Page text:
Interview with Laura Potts, winner of the 2017 Mother’s Milk Books Writing Prize (poetry category)

Huge thanks to Laura for taking the time to take part in this Q&A – I’m absolutely delighted to have such a talented young poet share her insights here. I hope it inspires poets of all ages to enter our competition! (Below image courtesy Laura Potts.)

Laura Potts is twenty-two years old and lives in West Yorkshire. Twice-recipient of the Foyle Young Poets Award, her work has been published by Acumen, Aesthetica and The Poetry Business. Having worked at The Dylan Thomas Birthplace in Swansea, Laura was nominated for The Pushcart Prize and became one of the BBC’s New Voices last year. Her first BBC radio drama aired at Christmas. She received The Mother’s Milk Writing Prize and a commendation from The Poetry Society in 2018.

1. How, when and why did you first start writing poetry?

The exact age is unremembered, but I was very young. I’ve always been a reader and the one fed easily into the other for me, even in infancy: reading led to writing led to reading again. And that cycle still exists today. But there was never a definitive moment when I took to my desk and decided to write, or to ‘be’ a writer. It just grew, quite naturally, with my years. I suppose, looking back, my grandmother was there at the heart of it all. Before war took her health and age took her mind, she had been an amateur writer herself. And she would read. For hours and days and weeks she would read, and I’d sit on her knee in the old armchair. That great gravelly voice, broken by years of work and war, spoke on in my infant ear. Once and forever. Always. If I listen today, it’s still there.

2. What made you decide to enter the Mother’s Milk Books Writing Prize?

As I recall, my mind was on motherhood. I’d lived with the thoughts for some time and the poem was the great end of that passion. Mother’s Milk appealed to me for the humility of its roots as a small press, and for the strides it has taken to uphold the place of childbirth, pregnancy and motherhood in literature today. After all, these are themes which are too often made marginal. Entering the Prize was my own small way of walking away from that; and of tipping my hat to the work of this press.

3. How did it feel when you’d heard that you’d won?

Like most unexpected successes, it brought a quiet moment of joy. And since most of my work is kept for my eyes alone, it’s always reassuring when someone else feels its worth. It entered the world to be read and enjoyed and someone, somewhere, saw that. But most importantly of all, it brought a source of comfort; an assurance that my voice didn’t just speak to the page and back. It could reach much further than my own four walls and lay its claim to living. So, yes. The news took the wet out of Wednesday for sure.

4. Can you tell us a little about your winning poem?

It was quite an amorphic little verse, by which I mean unlike the rest of my work. If I remember rightly, it was born in an hour of free-writing. Its sustained image is simple: a mother rocks her son to sleep by candlelight and dreams of the wide future to come. The structure is scattered; the rhyme irregular; the metre unstable. Despite the soft and gentle words, an anxiousness exists. And in the final line we find its source: the boy in her arms will one day be the soldier on his knees.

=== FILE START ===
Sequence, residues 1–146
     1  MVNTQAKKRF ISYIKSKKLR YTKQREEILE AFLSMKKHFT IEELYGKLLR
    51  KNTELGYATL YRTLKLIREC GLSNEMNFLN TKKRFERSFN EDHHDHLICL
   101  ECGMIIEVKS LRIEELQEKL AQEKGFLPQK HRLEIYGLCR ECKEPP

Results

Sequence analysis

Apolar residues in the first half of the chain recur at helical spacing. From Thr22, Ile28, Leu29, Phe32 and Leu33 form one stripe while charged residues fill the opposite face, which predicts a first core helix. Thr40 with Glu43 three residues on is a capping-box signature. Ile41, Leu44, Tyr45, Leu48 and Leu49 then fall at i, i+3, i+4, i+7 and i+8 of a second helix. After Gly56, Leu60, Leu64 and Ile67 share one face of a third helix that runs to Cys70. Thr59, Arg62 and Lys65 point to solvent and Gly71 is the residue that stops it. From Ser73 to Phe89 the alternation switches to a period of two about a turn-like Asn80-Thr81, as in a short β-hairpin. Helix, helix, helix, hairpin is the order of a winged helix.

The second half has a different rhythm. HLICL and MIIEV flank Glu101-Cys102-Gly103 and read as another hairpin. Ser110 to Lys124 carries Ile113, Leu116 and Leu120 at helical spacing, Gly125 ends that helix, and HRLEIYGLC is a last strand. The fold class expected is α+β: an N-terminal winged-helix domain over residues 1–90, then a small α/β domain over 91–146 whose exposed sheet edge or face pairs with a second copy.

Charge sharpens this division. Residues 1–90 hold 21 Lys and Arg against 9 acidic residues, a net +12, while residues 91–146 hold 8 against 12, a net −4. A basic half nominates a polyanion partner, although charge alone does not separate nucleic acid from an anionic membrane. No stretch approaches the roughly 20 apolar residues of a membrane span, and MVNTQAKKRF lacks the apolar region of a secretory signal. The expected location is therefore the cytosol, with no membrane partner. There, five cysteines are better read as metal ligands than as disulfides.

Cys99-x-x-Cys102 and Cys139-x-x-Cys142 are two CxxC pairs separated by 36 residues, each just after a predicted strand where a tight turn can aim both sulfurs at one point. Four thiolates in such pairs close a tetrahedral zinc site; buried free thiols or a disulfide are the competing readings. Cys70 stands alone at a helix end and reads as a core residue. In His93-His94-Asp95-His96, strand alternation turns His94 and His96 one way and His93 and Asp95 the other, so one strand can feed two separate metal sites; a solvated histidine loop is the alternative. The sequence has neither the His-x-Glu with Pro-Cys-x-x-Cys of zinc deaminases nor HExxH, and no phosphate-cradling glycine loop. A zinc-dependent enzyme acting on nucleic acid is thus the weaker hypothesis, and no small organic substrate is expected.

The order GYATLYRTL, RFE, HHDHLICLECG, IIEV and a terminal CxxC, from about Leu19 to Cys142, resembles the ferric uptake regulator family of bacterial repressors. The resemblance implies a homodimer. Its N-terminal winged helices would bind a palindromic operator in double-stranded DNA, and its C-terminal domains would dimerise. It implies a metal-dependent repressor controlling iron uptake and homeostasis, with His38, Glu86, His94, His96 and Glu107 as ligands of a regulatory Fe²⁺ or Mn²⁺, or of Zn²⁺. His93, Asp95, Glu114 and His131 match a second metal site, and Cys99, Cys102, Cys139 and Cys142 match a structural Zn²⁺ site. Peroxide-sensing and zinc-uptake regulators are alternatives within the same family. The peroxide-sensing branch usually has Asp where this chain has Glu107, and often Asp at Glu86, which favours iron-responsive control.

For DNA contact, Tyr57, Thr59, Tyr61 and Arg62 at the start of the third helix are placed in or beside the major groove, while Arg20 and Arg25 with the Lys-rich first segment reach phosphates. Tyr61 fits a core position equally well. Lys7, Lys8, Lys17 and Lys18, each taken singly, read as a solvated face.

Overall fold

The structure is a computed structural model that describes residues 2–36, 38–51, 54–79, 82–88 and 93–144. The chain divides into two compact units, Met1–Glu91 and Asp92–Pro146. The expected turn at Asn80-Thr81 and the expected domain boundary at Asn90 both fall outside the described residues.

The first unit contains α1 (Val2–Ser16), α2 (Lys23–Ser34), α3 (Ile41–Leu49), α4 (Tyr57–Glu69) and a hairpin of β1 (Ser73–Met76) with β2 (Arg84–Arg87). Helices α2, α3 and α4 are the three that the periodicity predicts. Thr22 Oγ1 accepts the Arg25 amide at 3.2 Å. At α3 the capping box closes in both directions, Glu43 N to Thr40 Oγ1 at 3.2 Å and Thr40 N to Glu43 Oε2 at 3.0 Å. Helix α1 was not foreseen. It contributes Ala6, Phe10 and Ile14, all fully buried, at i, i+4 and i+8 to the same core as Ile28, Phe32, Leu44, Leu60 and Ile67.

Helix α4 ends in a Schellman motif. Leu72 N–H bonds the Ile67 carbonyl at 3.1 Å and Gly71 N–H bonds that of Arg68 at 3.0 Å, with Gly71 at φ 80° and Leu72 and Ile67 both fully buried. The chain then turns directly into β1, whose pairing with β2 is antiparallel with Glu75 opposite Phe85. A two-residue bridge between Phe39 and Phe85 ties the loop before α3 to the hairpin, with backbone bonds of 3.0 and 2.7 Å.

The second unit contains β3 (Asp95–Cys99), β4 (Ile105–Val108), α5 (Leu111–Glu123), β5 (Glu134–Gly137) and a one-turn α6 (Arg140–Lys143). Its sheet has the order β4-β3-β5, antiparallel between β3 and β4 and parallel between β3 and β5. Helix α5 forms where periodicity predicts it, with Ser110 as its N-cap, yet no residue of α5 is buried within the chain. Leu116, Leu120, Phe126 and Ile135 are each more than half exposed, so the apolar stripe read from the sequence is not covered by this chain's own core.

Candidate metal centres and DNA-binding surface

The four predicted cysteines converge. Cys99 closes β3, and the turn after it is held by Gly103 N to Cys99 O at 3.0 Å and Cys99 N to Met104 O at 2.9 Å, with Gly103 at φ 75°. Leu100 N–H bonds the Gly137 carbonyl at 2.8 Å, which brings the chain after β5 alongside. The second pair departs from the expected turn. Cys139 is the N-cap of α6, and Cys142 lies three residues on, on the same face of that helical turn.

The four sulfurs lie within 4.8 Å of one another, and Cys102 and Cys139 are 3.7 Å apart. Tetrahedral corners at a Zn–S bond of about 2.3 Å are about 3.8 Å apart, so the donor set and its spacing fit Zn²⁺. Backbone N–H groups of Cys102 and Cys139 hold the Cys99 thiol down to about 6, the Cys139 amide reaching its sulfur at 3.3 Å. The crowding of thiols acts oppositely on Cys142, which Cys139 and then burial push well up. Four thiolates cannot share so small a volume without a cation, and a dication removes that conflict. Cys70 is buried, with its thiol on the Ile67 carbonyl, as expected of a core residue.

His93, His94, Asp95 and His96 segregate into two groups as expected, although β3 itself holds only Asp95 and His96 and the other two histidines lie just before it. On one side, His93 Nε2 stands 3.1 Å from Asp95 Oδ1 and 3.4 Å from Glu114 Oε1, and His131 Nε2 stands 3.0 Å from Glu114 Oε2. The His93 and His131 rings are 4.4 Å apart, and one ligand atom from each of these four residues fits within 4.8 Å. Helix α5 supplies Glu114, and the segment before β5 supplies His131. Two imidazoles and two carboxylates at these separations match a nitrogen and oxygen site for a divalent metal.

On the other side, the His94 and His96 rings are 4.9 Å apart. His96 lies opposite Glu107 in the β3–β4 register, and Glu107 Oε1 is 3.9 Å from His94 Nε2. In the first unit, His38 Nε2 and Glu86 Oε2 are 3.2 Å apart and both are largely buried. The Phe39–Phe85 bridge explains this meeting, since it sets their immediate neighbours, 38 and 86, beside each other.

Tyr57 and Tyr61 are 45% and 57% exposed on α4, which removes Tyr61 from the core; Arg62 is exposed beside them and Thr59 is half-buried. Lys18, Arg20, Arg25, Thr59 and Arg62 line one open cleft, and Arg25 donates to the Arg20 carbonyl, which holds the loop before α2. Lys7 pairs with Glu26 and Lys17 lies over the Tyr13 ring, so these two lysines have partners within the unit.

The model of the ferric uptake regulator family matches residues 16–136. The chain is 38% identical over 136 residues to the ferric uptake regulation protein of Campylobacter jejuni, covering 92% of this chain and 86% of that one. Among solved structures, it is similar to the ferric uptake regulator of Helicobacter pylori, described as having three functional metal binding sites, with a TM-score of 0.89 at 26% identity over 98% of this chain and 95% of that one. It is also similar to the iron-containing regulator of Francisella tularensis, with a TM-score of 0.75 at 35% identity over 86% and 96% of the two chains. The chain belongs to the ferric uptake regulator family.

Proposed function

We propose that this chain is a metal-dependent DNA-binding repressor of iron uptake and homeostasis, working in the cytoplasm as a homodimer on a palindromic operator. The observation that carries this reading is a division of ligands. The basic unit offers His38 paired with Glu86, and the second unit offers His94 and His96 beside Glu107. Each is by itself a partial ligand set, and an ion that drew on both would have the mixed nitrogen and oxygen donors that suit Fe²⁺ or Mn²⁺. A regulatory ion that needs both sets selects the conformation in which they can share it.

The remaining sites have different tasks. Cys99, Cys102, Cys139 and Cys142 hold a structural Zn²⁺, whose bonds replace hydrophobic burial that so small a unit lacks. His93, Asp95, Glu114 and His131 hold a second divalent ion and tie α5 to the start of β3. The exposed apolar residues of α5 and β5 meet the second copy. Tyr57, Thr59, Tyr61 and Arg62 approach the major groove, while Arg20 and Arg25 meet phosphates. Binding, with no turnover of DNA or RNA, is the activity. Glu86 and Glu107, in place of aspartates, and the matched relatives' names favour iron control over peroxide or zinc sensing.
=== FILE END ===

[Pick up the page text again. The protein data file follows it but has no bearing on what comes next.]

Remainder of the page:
5. What are your writing plans for 2019?

Who knows? Writing has never had a timeline or followed a predictable pattern for me. It comes and goes, some months more than others. Allowing it to live as it wishes, however it wishes, ensures it remains a joy. But the next logical step, I suppose, is a first collection for which the time must be right and I must be ready. I’m also in the infant stages of a poetic drama for BBC Radio 4. And while all these things flicker into being, eventually living, I read. That in itself is enough.

6. Any tips for those writing poetry?

  • Always have an accessible medium. Notebook, diary, tablet, phone. The back of your hand will do. Just make sure your mind never meets a barricade. Even when you’re on the bus or half-asleep in the bath.
  • The best writers are the best readers. I can’t stress this enough: the importance of books, of the farther arts, of the whole wide world which spins outside the little room you write in. The mind is a keen machine, and you’ll get out what you put in. So when you read, read critically. Why do you like this writer? Why don’t you like that one? You’ll converge with one and not with the other. Finding your voice means gauging your place, just like this, in the epic annals of literature.
  • Read your work aloud. At its ancient roots, poetry was an oral art often set to music. By reading aloud you’ll honour its history and notice its flaws. A poem has a different life on the page to its life in the mouth. And it’s easy to know when a writer does not read aloud: their rhythm could always be better.
  • Be kind to yourself. Writer’s block is an anxious friend but one we must endure. Take your time. If you’re struggling, leave it alone. Take a walk. Take a nap. Take a month off and sleep. The work needs time and patience to live. And, after all, sometimes the mind works best at rest.
  • The only regrets you’ll have are for the times you didn’t try. So why not pick up a book today? Go on and begin.

You can read Laura’s beautiful winning poem, ‘First Light’ here. And if you feel inspired to take part in this year’s Poetry Prize (and I’d really love it if you would!) please read the full guidelines here.